From there he and his mate were off to the pub.
Meanwhile, back at the mockie the Sharpie would tell the crowd that it was a very unfortunate thing that had just happened to the gentleman, but that the show must go on, and so it did, and by the end of the day he would have sold fifty knock-off Rolexes he’d got for $2 a piece to the suckers for $300 each.
It was money for jam, especially when you had the Inspector in charge of the Fraud Squad on the payroll and anyone who went into Police HQ to complain would be told “Sorry sir, buyer beware, and if I can you a little tip let me advise you not to go back to the auctions and raise a fuss. They employ some very heavy criminal types to deal with complaints there, and I would hate to see a fine citizen like you get yourself into any trouble. Don’t worry though Sir, we have the scoundrels under surveillance, and we are going to put them all in prison. We just have to be patient. By the way, that’s a very nice Rolex you have there on your wrist. Just 30 seconds before you walked in we had a call from Penfolds jewellers reporting that a box full of them have just been stolen. Did you really get yours at the auction Sir? Really?”
That’s what Denis Holbeck did too.
He’d give the mug trainers from Central Queensland a red hot drench first up, and their horse would bolt in and they’d back it for all they had (about $100 usually), and within five minutes of them crossing the line the bloke who’d just had his first winner since Mary played netball for the Snake and apples would be on their knees and begging him for more.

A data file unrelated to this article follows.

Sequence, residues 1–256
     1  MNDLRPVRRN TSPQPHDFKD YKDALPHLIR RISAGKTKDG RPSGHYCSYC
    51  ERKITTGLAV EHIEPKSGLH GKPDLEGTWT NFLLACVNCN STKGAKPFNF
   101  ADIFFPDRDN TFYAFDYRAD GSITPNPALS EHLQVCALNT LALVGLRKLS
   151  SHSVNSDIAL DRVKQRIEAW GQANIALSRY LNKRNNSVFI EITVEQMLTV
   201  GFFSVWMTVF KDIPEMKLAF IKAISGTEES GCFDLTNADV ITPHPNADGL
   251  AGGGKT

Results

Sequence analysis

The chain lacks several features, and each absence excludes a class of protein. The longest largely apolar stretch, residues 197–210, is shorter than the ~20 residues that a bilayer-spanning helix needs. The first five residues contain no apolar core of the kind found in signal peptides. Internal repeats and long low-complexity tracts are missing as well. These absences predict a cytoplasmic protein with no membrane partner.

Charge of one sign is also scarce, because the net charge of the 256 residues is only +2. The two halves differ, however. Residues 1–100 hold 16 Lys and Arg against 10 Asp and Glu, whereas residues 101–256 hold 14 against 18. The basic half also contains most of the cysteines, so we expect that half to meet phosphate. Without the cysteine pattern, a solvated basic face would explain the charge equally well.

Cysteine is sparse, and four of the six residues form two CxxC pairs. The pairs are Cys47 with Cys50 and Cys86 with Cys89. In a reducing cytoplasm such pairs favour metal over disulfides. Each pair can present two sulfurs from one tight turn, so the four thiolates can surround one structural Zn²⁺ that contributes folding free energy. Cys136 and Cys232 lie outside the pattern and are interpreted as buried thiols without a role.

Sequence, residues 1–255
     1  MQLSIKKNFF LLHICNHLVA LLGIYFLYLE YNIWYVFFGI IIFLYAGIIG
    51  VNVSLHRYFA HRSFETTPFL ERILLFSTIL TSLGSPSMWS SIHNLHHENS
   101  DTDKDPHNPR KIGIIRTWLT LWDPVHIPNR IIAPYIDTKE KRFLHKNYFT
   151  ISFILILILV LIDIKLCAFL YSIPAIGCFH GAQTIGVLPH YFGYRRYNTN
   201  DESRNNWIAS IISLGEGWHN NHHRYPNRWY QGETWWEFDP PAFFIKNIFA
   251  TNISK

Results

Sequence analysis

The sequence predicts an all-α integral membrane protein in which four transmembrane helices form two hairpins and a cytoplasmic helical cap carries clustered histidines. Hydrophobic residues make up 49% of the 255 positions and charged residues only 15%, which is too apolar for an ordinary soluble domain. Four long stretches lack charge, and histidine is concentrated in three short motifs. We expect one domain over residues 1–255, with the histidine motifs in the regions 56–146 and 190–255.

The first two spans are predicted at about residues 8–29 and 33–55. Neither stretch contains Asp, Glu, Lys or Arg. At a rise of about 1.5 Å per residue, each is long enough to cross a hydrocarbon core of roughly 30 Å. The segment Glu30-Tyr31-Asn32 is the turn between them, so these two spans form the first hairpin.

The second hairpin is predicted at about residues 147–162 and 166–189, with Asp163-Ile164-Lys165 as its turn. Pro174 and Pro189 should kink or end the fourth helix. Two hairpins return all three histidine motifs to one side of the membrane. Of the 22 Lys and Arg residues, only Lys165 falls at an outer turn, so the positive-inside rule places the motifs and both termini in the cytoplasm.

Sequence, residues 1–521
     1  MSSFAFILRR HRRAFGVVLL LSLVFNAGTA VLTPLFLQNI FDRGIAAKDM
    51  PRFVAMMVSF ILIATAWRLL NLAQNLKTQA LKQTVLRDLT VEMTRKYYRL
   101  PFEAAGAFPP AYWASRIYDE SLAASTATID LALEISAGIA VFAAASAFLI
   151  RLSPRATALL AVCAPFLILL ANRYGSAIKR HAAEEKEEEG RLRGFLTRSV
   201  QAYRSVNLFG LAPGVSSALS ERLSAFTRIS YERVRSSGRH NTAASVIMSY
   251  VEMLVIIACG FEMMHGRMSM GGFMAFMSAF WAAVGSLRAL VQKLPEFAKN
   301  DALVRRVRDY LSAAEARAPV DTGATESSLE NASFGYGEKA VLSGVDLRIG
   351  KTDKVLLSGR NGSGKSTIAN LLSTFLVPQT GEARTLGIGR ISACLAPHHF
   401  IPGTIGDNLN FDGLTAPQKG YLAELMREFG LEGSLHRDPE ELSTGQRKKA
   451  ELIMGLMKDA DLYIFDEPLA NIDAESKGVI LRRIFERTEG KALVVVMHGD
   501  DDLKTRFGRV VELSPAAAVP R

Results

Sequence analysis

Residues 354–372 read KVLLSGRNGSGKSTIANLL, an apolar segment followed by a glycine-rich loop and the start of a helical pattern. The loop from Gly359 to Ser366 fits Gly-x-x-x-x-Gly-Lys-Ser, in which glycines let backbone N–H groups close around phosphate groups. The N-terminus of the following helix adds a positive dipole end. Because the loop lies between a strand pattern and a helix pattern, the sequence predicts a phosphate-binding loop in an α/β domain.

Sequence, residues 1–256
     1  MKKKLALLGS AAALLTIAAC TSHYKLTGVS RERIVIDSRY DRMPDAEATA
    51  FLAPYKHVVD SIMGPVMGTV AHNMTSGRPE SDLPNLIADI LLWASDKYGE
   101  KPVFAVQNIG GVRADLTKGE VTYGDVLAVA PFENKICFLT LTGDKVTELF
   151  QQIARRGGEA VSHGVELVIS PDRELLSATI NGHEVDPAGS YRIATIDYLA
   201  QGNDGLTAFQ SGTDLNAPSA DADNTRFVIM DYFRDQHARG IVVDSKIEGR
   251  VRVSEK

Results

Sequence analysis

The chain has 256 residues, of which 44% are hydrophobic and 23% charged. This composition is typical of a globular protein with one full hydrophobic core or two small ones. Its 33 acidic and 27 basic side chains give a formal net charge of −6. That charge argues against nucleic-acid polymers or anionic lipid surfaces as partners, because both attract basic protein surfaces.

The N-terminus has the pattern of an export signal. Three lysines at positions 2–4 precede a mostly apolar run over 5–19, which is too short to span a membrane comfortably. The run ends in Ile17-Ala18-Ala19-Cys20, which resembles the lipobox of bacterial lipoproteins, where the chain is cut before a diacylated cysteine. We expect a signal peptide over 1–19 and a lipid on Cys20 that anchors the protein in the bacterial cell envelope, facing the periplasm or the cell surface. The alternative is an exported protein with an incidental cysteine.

Denis would tell them that everyone was after them at the moment, and supply was low and demand was high, but because they were such good blokes (or birds) and he liked them so much, he could sneak a couple aside for them if they were prepared to pay a little bit more.
They all did of course. You have the list.
The list full of suckers.
After the first one or two he was giving them drenches full of Berocca and Lemonade, bit they were none the wiser. When their horses wouldn’t win the next few times out and they’d complain to Denis, he’d tell him that it can’t turn a mule into Phar Lap, and say if you want to be like that I will just sell them to all the blokes down the road who have been waiting while I’ve been doing you a big favour and telling them I’d run out.
“No! No Denis!” they’d scream, and buy another dozen of the useless things from him.
And now here they all are, charged by the QRIC, bang to rights for it because the Commissioner’s got Denis’s account sheets that were seized under warrant in a raid, and facing huge fines or disqualifications that might just end their careers.
All for just one Rolex-style drench and thirty useless knock-offs.
I keep telling everyone who will listen that if you don’t know your history, you’re doomed to repeat the mistakes of the past.
I tell everyone not to cheat too, but no-one listens to me.
Wanna buy a bridge?
I’ve got quite a few to sell, and at real good prices too.
The owner was a rich old lady who died without a will.
All bridges must go.
Give me my mate Denis a ring for more info.